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'[PIC] Shameless request for technical assistance'
2011\12\15@020348 by bladetooth

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Normally, I?d prefer to just let the company responsible handle these sorts of questions, but Microchip?s support responses seem to be pretty lacking, to put it politely, and I?m trying to decide on a chip soon enough that I can potentially use a few extra in some holiday gifts. Any suggestions for an affordable gift-worthy project would be appreciated. :)


Digikey seems to think PIC18LFK22-E/P and PIC18LFK22-I/P have different maximum processing speeds, and not just different temperature ranges. Is their database entry simply wrong, or is there something I?m not finding on Microchip?s data sheet?


In 80437F.pdf, the errata for the PIC18LFK22, Item 4.5 mentions that, while using I2C, the RCEN bit not being cleared when an ?Improper Stop? is received. I can find nothing anywhere about what this is, or in what circumstances it would ever happen; there?s certainly nothing in the I2C specification about what an ?Improper Stop? is. I?m particularly concerned because I intend to use I2C in Multi-Master mode, and by all appearances, very few PICs get Multi-Master done correctly in hardware, where it is supposed to be done.


In 41214A.pdf, ?CCP and ECCP Tips ?n Tricks? (a good beginner?s guide to the ECCP), TIP #6 mentions using the comparator together with the ECCP. What isn?t exactly clear is whether the connection from the comparator to the ECCP is supposed to be internal or external to the PIC. I can see a valid implementation both ways, though in this case I would guess that it?s external..


Can one ECCP unit simultaneously receive one PWM input and generate a separate, unrelated PWM output? I want to read a bar code, and I?m curious whether I can generate a pulse pattern to distinguish legitimate reflectance from background noise with just one ECCP.




Ryan Pettigre

2011\12\15@045656 by cdb

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On Thu, 15 Dec 2011 01:03:47 -0600 (CST), spam_OUTbladetoothTakeThisOuTspamverizon.net wrote:
:: Digikey seems to think PIC18LFK22-E/P and PIC18LFK22-I/P have
:: different maximum processing speeds, and not just different
:: temperature ranges.

This is correct, not only is there a temperature range difference, but also a maximum frequency (don't forget higher temperature means speed must be slower if cooling of some kind isn't catered for). On page 328 of the data sheet (http://ww1.microchip.com/downloads/en/DeviceDoc/41365E.pdf), you'll see the Voltage versus frequency graph, this states the extended version has a maximum frequency of 48MHz against the standard ranges' part of 64
MHz.

::In 80437F.pdf, the errata for the PIC18LFK22, Item 4.5 mentions that, ::while using I2C, the RCEN bit not being cleared when an ?Improper Stop?

I haven't looked at that particular errata sheet, but the one for the 18K23 might have better grammar (http://ww1.microchip.com/downloads/en/DeviceDoc/80469D.pdf), this refers to 'Improper handling of a Stop event", and their explanation of this is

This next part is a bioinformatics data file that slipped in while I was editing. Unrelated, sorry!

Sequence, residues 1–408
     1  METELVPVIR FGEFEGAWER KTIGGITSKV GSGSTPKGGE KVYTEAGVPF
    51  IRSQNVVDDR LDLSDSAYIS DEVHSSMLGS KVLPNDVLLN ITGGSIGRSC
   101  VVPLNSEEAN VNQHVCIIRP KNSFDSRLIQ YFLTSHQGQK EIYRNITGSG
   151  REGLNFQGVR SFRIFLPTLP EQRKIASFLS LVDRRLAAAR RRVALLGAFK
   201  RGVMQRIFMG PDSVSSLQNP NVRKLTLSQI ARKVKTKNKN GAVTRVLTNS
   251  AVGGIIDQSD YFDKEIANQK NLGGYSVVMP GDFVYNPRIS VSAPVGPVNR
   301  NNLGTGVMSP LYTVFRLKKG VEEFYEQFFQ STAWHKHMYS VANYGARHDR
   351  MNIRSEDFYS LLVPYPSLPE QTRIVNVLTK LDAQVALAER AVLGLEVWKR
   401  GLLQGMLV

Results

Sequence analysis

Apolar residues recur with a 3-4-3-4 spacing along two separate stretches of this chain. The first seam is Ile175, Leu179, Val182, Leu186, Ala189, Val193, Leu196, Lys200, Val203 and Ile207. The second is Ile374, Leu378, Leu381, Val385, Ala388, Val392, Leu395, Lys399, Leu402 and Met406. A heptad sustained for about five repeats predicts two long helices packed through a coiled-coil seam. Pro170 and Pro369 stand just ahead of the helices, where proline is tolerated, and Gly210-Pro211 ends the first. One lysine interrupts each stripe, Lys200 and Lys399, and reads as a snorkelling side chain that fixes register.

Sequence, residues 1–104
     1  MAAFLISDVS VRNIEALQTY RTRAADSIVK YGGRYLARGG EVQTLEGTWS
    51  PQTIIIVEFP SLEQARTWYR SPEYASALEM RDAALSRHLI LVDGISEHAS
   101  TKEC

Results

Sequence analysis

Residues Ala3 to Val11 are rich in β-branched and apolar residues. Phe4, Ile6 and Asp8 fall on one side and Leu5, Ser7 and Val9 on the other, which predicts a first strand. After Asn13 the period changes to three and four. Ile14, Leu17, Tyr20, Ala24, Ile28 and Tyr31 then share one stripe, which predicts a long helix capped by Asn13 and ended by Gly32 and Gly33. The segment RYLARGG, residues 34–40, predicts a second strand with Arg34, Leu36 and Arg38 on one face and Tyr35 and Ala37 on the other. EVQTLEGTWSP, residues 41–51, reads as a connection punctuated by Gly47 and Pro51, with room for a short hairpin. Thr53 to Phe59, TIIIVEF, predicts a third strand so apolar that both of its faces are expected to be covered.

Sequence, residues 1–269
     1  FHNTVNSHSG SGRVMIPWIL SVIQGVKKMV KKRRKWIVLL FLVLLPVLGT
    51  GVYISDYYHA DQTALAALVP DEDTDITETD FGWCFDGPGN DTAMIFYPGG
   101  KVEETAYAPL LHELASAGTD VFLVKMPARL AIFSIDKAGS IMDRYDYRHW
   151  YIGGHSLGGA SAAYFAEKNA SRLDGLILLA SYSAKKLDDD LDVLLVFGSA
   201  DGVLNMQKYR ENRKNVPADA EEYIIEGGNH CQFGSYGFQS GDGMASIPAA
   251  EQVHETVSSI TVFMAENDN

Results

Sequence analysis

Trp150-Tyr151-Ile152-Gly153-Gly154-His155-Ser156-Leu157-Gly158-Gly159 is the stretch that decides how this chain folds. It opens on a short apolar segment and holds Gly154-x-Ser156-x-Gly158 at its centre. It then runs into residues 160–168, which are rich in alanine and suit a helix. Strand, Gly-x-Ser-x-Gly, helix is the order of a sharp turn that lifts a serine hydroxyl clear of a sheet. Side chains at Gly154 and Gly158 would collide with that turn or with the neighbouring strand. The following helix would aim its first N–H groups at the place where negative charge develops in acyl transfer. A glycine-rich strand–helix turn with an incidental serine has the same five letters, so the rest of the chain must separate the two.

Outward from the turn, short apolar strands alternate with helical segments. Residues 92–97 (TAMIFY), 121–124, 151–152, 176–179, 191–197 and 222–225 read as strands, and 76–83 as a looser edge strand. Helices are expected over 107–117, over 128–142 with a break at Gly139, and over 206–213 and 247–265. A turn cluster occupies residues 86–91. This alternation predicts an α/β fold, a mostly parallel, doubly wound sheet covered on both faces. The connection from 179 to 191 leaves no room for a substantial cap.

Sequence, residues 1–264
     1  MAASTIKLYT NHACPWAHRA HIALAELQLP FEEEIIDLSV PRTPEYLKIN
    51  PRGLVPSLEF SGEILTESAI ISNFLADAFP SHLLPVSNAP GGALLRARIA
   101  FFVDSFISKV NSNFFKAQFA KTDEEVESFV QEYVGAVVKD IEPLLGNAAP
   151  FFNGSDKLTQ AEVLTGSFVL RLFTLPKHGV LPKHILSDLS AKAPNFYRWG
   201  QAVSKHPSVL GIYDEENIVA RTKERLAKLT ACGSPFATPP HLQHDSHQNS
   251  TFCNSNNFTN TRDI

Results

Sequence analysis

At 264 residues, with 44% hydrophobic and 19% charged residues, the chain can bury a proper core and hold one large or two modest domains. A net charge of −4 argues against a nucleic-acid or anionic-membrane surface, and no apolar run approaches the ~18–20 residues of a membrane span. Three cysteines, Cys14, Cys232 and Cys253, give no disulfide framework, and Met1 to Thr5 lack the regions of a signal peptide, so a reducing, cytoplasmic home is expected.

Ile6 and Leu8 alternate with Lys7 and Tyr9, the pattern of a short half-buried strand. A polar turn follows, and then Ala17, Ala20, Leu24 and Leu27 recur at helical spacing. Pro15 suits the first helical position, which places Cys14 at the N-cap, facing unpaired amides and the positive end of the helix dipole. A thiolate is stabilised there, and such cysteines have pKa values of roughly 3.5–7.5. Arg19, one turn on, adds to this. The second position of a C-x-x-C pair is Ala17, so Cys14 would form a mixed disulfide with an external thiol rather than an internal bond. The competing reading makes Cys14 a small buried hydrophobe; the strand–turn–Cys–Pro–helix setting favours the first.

"8. Module: MSSP (Master I2C? mode)
In Master I2C Receive mode, if a Stop condition
occurs in the middle of an address or data
reception, then the SCL clock stream will continue
endlessly and the RCEN bit of the SSPCON2
register will remain set improperly. When a Start
condition occurs after the improper Stop condition,
then 9 additional clocks will be generated followed
by the RCEN bit going low.
Work around
Use low-impedance pull-ups on the SDA line to
reduce the possibility of noise glitches, which may
trigger an improper Stop event. Use a time-out
event timer to detect the unexpected Stop condition
and resulting stuck RCEN bit. Clear stuck 8. Module: MSSP (Master I2C? mode)
In Master I2C Receive mode, if a Stop condition
occurs in the middle of an address or data
reception, then the SCL clock stream will continue
endlessly and the RCEN bit of the SSPCON2
register will remain set improperly. When a Start
condition occurs after the improper Stop condition,
then 9 additional clocks will be generated followed
by the RCEN bit going low.
Work around
Use low-impedance pull-ups on the SDA line to
reduce the possibility of noise glitches, which may
trigger an improper Stop event. Use a time-out
event timer to detect the unexpected Stop condition
and resulting stuck RCEN bit. Clear stuck "

I'll leave others to think about your last two questions.

Colin


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cdb, .....colinKILLspamspam@spam@btech-online.co.uk on 15/12/2011
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2011\12\16@043119 by cdb

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You sent a supplementary question direct to me. Verizon bounced the reply back to me - so here is my reply to your question on whether multimastered I2C can cause the stop problem noted in the datasheet.

"I've never used multi-master arbitration, but basically if more than one
master tries to transmit at the same time during the address phase of one
of them, a stop could be assumed by one of the masters causing the problem
stated in the data sheet.

I think you are only going to know by either finding someone else who has
done this or by experimentation."

Colin
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cdb, colinspamKILLspambtech-online.co.uk on 16/12/2011
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